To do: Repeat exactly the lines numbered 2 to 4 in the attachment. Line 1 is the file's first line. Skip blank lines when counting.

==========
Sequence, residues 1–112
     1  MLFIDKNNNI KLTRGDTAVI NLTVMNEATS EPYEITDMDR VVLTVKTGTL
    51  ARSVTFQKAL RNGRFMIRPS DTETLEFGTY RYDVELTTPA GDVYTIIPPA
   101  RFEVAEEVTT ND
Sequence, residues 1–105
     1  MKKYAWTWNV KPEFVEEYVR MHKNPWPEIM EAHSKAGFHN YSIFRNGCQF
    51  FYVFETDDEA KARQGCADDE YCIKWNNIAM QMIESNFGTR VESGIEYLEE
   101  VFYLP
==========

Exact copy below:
     1  MLFIDKNNNI KLTRGDTAVI NLTVMNEATS EPYEITDMDR VVLTVKTGTL
    51  ARSVTFQKAL RNGRFMIRPS DTETLEFGTY RYDVELTTPA GDVYTIIPPA
   101  RFEVAEEVTT ND